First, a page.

Number Crunching 2013: Jonathan Byrd

Jonathan Byrd during the 2013 Shriners Hospitals for Children Open in Las Vegas.

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Over the final two weeks of 2013, we will be breaking down players that rose and fell over the past 12 months. Check out the entire series here.

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Jonathan Byrd

Ranking/movement: -413 (No. 93 to 506)

Why the fall? He missed the first three months of 2013 after left wrist surgery, came back too soon, couldn’t practice as much, hit bad shots, lost confidence and put too much pressure on his putting. Hence, his streak of 11 consecutive years in the top 115 of PGA Tour earnings ended with a thud. He made only five cuts in 16 starts and dropped to 148th in money after being 50th and 22nd the previous two years. The bright spot for the five-time Tour winner was a tie for second at the Reno-Tahoe Open.

Oddly, Byrd ranked 181st in ballstriking and total driving – Tour categories he led in 2009, his first full year with instructor Mike Bender. Byrd also dropped from 41st in strokes gained-putting in 2012 to 178th. Hence, he and Bender have gone back to basics, to what worked before.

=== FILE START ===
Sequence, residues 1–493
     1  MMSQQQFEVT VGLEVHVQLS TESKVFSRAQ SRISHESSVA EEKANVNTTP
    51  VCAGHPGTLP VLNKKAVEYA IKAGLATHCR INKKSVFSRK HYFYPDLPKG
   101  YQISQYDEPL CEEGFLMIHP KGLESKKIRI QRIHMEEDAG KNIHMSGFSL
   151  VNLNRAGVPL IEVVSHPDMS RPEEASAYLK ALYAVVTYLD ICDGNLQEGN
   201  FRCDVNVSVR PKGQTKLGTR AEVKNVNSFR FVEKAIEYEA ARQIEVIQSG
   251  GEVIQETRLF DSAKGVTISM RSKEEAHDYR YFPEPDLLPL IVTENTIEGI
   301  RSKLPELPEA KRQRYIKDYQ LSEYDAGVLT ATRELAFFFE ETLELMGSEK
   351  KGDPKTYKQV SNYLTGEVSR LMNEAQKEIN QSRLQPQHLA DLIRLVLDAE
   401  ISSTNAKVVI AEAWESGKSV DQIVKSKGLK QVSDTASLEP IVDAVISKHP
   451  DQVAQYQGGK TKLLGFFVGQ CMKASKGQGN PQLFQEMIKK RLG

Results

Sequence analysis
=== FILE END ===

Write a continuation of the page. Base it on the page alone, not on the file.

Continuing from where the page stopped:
“I was making more tweaks than I needed to make, and it just snowballed,” Byrd said. “I never got things right with my swing and putting, and my confidence kept dropping.”

His doctor told him to return to competition four months after surgery. The 35-year-old came back after five months and said Tom Watson had told him to give it another month for purposes of belief.

“In hindsight I wish I had come back later. Not for the wrist but to have more confidence,” said Byrd, who has 10 events in the 2013-14 season to earn $166,517 under a major medical extension. “You just don’t jump back into the rhythm of it.”

He also reset goals with mental coach Morris Pickens and entered the new season focusing on shot decision-making, pre-shot routine, execution and time between shots.

Byrd says: “I have a baseball-player buddy who was injured a long time and said the game felt so fast when he came back. I can relate to that. I felt I put in a lot of work, and deep down it never felt right. It was just kind of a blur. I was anxious, on edge, just trying to get it going. . . . It was pretty hard (emotionally). I struggled with being depressed because my game wasn’t where I wanted it to be.”

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